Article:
AUSTIN (AP/KXAN) — Texas could host the nation’s next major fight over stricter requirements for immunizations as its rates of schoolchildren who refuse to get shots for non-medical reasons rises.
The number of Texas kindergarten through 12th grade students who reported filing conscientious exemptions for at least one immunization last school year increased 19-fold since 2003. It’s still less than 1 percent of enrolled students.
In response to reports that approximately 45,000 students opted out last year, a 9 percent increase from the previous school year, Rep. Donna Howard, D-Austin, is pushing for required education for parents before they can be signed off to opt out their children from receiving vaccinations.
“People need to understand that vaccinations are safe and that they’ve truly have had a huge impact on preventing disease and death,” Rep. Howard told KXAN on Wednesday. “That’s again another common sense way to make sure that parents are given all the information they need to make an informed decision. This is simply about improving the health care of Texans and preventing preventable diseases.”
Howard, along with some other state lawmakers said they want to create a system where students who object to immunizations would have to opt out. Currently, Texas makes parents “opt in” by approving vaccines.
Many health care officials worry the rise in non-medical exemptions will result in lower vaccination rates and leave Texas communities vulnerable to disease outbreaks. “Almost half of all students are absent due to acute illnesses like flu, which are immunizable illnesses,” said Susan Dawson, the president of E3 Alliance.
Dawson says this year in Central Texas, E3 will have given nearly 50,000 flu vaccines to students at no cost to families or to school districts.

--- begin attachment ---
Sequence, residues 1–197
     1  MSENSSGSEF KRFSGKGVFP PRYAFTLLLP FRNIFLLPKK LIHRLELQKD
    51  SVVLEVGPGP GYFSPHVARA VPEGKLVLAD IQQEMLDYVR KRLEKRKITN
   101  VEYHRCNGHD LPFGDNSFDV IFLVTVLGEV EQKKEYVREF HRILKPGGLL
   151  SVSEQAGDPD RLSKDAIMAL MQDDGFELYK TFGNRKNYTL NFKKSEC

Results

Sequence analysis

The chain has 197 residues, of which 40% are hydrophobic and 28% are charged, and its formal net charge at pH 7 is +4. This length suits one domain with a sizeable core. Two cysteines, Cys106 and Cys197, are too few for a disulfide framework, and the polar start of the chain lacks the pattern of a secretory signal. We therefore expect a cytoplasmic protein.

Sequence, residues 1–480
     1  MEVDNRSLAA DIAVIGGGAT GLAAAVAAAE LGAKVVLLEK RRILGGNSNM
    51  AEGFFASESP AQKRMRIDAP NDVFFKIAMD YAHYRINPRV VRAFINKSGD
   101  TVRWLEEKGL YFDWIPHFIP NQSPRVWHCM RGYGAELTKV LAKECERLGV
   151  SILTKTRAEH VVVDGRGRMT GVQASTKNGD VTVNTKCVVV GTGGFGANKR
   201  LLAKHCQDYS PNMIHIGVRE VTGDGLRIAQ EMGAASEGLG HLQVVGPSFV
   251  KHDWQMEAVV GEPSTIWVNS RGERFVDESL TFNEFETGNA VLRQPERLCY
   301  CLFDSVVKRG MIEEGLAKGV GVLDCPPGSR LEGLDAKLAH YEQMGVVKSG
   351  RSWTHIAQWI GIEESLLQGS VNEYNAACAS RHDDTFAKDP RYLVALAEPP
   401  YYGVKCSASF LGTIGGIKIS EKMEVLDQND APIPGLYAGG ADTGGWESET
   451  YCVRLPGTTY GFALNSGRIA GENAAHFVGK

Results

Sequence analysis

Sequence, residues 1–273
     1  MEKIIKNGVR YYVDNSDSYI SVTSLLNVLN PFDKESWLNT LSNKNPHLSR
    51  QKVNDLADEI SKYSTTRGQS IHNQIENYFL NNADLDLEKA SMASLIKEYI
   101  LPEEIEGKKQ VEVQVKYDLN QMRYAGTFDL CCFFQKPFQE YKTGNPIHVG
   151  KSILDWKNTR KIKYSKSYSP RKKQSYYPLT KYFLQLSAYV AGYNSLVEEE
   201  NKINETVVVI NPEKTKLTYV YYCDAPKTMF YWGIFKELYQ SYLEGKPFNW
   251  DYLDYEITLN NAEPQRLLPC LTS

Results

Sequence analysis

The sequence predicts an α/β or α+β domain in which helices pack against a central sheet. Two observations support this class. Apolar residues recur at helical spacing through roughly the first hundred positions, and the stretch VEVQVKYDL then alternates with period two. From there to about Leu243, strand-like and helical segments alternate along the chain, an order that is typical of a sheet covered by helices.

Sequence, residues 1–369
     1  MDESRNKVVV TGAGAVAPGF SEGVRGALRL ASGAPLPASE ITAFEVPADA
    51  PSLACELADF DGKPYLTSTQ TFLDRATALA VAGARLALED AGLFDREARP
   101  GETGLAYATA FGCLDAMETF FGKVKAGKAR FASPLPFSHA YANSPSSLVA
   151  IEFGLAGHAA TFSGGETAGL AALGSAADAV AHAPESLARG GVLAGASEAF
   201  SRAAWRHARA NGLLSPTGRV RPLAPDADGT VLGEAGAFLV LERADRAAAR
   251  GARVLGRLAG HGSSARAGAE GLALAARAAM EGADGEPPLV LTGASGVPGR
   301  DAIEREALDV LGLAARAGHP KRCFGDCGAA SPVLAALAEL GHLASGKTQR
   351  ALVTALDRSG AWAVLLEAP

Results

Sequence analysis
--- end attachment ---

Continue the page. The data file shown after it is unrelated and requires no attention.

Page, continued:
“It’s so important for students to stay healthy and in school, and immunizations can help students stay healthy and help them not infect their family members,” added Dawson.
E3 supports Howard’s legislation: “We firmly believe that the more students who are immunized, the healthier our students and families are going to be. So, any legislation that helps students and families understand the medical benefits of vaccinations is a win for our community.”
However, not all Austin-area parents support Howard’s proposed legislation. Shelly Troberman-Miller has three unvaccinated children. She said she chose not to vaccinate them from the beginning, after extensive research and a careful analysis of family history and experience regarding vaccine injury.
For Troberman-Miller, the vaccination debate comes down to parental choice.
“I think that parents have a right to make the decision. It’s a complicated topic,” she said. “All families are different. All family histories are different.”
Troberman-Miller says it’s not lawmakers’ place to enter in to medical decisions.
“It just feels like a whole lot of involvement at the state level in parents’ medical decisions and we think that that’s ridiculous,” she said. “Parents are in a position to do a really good job and make sound decisions.”
Her decision not to vaccinate her children was not made lightly, she says. “I have put more hours of research into this issue than I’ve put into anything in my entire life. As a mother, health decisions are the most important decisions that we make in our entire lives for our children. Most of us would protect our children from literally everything on the planet, if it was within our controls.”
Troberman-Miller says she is the first to seek medical care for her children when they are ill and that she participates in regular well-child visits for all three of her kids.
“Texans for Vaccine Choice has people that fully vaccinate, that partially vaccinate, or that don’t at all, and if you are even opting out of one vaccine, even that alone requires you to use a belief exemption,” said Troberman-Miller. “[Say] you just don’t want the flu shot for your child that you think is kind of immunologically weak. Now you’re utilizing an exemption that could be taken away from you.” She says the group will fight Howard’s legislation this upcoming session.
Texas and 17 states allow philosophical exemptions to vaccines. California used to allow many students to forgo vaccinations, only to approve some of the country’s strictest vaccine requirements last year.
The Immunization Project, a Texas non-profit organization, also released recommendations to improve vaccination rates. According to the organization, it aims to eradicate vaccine preventable diseases by educating the community, advocating evidence-based public policy and promoting immunization best practices.